floor not marked for anything in particular, not surgery, not cancer, an
unlabeled place where they put you while they wait for you to die.
Alicia seems to be asleep, so Judith sits down, and as she waits she
remembers how they met at their first job after college, a women’s magazine in New York City. It was Alicia who taught Judith how to deal
with an artichoke, a vegetable unknown to Indiana, or at least to Judith,
and, when she went home with Alicia for Thanksgiving, how to handle
a soft-boiled egg in an egg cup. She remembers how formidable Alicia’s
mother was, the daughter of a bishop, the inhabitant of a world filled
with artichokes and egg cups and arcane rules for coping with them,
a world Alicia was eager to escape, although at the time just how she
would do that was beyond her imagining. Still, it was to be expected that
her plans for escape did not include flirting with Huntington Hartford
in an elevator, while Judith, eager to belong to a sophisticated Eastern
world the precise details of which were beyond her imagining, would
have responded in a second had she been the focus of Huntington
Hartford’s admiration. Who was Huntington Hartford anyway? Forty
years ago she’d known that. Now she seems to remember that he was a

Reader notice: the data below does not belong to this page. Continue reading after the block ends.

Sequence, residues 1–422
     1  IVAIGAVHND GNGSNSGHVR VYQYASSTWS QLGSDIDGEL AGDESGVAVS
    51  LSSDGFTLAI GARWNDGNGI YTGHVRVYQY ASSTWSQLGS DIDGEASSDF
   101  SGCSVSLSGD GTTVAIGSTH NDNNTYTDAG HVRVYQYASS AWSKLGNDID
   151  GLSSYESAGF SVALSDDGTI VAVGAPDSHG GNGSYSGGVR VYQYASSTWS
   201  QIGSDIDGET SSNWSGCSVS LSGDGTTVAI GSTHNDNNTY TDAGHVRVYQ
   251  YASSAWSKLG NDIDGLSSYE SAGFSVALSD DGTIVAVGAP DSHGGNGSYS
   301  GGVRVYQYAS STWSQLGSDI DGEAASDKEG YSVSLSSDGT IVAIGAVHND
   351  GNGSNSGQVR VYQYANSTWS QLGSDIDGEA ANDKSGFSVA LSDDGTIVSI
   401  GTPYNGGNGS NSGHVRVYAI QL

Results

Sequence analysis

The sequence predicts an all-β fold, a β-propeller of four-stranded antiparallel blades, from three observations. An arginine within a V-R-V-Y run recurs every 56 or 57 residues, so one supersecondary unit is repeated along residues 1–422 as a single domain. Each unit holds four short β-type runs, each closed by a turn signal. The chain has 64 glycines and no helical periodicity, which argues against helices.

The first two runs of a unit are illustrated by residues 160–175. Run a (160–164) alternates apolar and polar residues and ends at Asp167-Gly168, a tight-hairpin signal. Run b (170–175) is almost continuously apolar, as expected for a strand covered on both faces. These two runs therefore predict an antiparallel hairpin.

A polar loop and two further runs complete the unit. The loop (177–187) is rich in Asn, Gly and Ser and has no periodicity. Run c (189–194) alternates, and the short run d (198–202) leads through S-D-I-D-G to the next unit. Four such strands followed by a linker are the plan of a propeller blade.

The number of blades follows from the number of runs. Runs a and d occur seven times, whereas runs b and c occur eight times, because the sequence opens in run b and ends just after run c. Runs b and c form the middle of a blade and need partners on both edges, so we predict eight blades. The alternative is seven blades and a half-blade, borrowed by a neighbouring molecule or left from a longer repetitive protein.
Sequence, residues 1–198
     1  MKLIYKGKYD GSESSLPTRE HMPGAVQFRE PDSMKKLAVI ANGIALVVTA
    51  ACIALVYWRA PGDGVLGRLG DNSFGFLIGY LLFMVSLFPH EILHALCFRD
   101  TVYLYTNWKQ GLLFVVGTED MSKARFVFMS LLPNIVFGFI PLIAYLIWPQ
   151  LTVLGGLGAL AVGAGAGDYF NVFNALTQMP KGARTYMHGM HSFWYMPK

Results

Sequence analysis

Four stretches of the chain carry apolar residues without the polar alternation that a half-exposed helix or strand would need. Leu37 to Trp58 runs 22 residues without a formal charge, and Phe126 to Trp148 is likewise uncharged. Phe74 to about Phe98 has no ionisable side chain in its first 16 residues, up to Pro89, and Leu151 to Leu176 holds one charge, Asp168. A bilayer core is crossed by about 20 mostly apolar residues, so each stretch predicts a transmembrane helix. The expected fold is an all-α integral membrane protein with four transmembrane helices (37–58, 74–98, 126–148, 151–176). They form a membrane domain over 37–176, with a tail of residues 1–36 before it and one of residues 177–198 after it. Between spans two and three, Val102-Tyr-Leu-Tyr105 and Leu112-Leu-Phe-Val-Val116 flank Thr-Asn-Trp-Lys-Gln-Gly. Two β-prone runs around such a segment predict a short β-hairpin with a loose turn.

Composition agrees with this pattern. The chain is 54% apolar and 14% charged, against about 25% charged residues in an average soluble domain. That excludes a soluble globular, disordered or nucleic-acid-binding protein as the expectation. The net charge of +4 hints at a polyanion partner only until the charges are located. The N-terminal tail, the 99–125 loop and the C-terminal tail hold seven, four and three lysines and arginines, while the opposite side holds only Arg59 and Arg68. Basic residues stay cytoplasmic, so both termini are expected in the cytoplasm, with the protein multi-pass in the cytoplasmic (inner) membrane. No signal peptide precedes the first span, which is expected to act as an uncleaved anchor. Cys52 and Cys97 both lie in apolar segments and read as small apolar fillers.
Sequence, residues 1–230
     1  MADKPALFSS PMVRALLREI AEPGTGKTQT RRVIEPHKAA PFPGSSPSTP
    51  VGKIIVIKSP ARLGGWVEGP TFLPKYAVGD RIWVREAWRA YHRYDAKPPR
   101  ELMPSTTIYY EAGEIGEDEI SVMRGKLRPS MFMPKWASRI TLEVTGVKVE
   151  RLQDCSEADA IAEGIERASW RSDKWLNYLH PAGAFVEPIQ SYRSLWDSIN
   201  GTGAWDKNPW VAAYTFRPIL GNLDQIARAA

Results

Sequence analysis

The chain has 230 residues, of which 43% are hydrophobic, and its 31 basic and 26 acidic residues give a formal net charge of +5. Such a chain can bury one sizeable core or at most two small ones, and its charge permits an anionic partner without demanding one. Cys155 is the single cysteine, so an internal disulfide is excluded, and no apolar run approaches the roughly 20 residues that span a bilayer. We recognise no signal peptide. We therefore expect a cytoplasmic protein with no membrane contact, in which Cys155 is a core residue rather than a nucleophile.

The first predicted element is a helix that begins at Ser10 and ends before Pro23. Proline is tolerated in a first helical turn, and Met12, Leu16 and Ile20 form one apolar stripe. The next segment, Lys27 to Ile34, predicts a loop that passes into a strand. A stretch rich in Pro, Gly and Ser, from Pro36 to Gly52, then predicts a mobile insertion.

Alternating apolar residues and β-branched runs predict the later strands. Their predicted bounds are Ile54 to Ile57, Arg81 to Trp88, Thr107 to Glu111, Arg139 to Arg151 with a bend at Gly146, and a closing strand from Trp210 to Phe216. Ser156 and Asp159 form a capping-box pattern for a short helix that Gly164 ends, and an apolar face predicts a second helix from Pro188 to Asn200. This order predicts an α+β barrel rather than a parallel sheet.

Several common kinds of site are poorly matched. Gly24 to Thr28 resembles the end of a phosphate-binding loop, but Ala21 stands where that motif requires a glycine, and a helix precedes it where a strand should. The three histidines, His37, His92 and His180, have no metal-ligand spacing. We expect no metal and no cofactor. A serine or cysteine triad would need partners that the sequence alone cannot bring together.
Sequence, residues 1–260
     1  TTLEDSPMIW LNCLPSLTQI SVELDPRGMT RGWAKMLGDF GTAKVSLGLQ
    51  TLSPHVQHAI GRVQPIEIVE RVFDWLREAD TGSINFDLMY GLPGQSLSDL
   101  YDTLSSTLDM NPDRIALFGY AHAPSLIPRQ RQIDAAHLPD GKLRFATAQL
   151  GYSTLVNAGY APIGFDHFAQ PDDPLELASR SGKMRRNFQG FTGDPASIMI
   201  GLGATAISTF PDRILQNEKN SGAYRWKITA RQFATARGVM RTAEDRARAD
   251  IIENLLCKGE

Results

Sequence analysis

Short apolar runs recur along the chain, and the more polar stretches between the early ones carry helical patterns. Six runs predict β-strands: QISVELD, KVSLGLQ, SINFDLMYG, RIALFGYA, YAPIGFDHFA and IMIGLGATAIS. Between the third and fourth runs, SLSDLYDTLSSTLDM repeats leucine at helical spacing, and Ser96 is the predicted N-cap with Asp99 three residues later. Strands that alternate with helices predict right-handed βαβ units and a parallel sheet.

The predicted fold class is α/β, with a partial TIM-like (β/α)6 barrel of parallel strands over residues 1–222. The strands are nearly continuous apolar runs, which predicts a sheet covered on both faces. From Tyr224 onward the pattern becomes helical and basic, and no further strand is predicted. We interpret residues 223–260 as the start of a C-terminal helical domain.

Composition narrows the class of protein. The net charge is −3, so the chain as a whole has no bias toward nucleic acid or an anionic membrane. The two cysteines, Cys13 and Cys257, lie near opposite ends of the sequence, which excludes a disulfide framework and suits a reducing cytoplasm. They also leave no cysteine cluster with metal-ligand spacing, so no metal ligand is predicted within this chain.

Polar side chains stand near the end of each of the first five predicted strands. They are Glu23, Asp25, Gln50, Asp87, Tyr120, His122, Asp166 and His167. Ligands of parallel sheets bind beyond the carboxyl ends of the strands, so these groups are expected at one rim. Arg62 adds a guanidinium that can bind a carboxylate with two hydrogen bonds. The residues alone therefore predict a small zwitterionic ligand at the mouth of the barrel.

grocery-store heir. A rich old Wasp. Or something like a Wasp and then
considered rich on what must have been the limited spoils of groceries.
Not like computers or petroleum. Tea, maybe? She’s read somewhere
recently that there aren’t any Wasps anymore. That seems reasonable.
Why would anybody want to be a Wasp? As Alicia can testify, it isn’t any
fun, and Judith can back her up on that. In her experience many Wasps
marry poor whites like herself or, if they’re really lucky, Jews, and then
they celebrate Passover and their narrow escape from being as limited
as their parents. And even more Wasps become Buddhists, or what they
imagine Buddhists to be, and suddenly a vision of her former in-laws’
dogs gambols across her brain: Max, a golden retriever too stupid to
fetch, and the black Lab, Sambo, last of his name if not his kind. Hard as
she tries, she cannot remember what Huntington Hartford looked like.
Eventually Alicia opens her eyes. Judith doesn’t ask her how she is.
Alicia tells her that Ellie has just stepped out for a nibble, and it flits
through Judith’s mind that for all the worlds they were eager to escape
and attain, they have not done very well. Now in their late fifties, they
have achieved the unlooked-for experience of foiled expectations. Alicia
is married to the rector of Washington’s most conventional Episcopal
church, and Judith has not managed to hang on to any vestiges of the